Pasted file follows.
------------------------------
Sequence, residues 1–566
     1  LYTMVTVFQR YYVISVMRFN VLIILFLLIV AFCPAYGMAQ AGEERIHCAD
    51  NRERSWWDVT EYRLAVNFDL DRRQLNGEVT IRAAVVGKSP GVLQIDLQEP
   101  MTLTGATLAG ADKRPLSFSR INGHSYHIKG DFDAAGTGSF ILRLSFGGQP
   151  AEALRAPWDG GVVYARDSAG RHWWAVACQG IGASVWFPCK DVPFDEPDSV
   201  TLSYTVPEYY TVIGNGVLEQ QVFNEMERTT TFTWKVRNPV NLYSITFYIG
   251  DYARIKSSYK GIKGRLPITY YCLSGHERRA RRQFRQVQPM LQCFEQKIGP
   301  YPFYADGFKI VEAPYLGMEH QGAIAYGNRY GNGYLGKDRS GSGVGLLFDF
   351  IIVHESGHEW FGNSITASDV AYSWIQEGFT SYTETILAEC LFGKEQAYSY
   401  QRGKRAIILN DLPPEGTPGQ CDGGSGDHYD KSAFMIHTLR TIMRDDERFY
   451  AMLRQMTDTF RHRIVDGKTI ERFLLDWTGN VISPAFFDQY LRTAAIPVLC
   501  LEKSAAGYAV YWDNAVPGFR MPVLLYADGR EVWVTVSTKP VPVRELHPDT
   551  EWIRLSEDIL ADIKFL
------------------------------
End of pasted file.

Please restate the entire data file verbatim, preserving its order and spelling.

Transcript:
Sequence, residues 1–566
     1  LYTMVTVFQR YYVISVMRFN VLIILFLLIV AFCPAYGMAQ AGEERIHCAD
    51  NRERSWWDVT EYRLAVNFDL DRRQLNGEVT IRAAVVGKSP GVLQIDLQEP
   101  MTLTGATLAG ADKRPLSFSR INGHSYHIKG DFDAAGTGSF ILRLSFGGQP
   151  AEALRAPWDG GVVYARDSAG RHWWAVACQG IGASVWFPCK DVPFDEPDSV
   201  TLSYTVPEYY TVIGNGVLEQ QVFNEMERTT TFTWKVRNPV NLYSITFYIG
   251  DYARIKSSYK GIKGRLPITY YCLSGHERRA RRQFRQVQPM LQCFEQKIGP
   301  YPFYADGFKI VEAPYLGMEH QGAIAYGNRY GNGYLGKDRS GSGVGLLFDF
   351  IIVHESGHEW FGNSITASDV AYSWIQEGFT SYTETILAEC LFGKEQAYSY
   401  QRGKRAIILN DLPPEGTPGQ CDGGSGDHYD KSAFMIHTLR TIMRDDERFY
   451  AMLRQMTDTF RHRIVDGKTI ERFLLDWTGN VISPAFFDQY LRTAAIPVLC
   501  LEKSAAGYAV YWDNAVPGFR MPVLLYADGR EVWVTVSTKP VPVRELHPDT
   551  EWIRLSEDIL ADIKFL